University of Arkansas Fayetteville - Razorback Yearbook (Fayetteville, AR)

 - Class of 1944

Page 1 of 216

 

University of Arkansas Fayetteville - Razorback Yearbook (Fayetteville, AR) online yearbook collection, 1944 Edition, Cover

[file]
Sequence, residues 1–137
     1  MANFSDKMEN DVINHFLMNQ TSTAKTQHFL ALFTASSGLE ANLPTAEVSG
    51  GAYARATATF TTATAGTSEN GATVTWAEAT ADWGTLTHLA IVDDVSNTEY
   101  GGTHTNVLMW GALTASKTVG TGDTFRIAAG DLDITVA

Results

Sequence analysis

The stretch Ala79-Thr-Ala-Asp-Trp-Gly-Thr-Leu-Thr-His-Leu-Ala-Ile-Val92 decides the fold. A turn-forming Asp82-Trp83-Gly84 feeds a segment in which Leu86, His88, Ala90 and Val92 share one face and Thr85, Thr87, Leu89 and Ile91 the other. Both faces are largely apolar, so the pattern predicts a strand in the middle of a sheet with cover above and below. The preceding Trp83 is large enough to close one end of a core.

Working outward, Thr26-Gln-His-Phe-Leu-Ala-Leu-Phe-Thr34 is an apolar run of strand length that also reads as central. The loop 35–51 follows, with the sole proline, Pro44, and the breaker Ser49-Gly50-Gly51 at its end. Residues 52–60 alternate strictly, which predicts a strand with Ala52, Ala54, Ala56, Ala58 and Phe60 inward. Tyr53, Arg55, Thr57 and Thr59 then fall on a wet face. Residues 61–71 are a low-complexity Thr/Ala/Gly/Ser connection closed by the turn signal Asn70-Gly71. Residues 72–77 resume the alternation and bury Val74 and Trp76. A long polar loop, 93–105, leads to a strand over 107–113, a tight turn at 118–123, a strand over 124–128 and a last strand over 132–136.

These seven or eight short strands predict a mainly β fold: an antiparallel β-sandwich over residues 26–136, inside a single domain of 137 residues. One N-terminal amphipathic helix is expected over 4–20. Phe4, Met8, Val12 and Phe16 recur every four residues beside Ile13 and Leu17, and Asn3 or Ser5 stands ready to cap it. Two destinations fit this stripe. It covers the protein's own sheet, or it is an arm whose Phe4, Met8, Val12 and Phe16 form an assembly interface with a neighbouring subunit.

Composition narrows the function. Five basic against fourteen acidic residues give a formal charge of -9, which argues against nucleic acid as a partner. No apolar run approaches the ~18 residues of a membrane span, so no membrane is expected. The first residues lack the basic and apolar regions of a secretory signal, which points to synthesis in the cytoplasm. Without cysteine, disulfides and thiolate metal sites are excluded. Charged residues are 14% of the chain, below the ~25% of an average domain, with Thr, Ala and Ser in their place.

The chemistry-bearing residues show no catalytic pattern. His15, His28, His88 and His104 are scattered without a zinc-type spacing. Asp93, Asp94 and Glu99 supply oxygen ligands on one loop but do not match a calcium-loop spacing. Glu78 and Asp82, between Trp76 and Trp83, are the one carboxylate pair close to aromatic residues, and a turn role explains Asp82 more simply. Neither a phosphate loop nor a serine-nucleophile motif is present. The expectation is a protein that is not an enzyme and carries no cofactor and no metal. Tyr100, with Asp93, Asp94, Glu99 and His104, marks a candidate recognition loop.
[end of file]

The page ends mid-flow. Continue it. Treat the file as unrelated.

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Text from Pages 1 - 216 of the 1944 volume: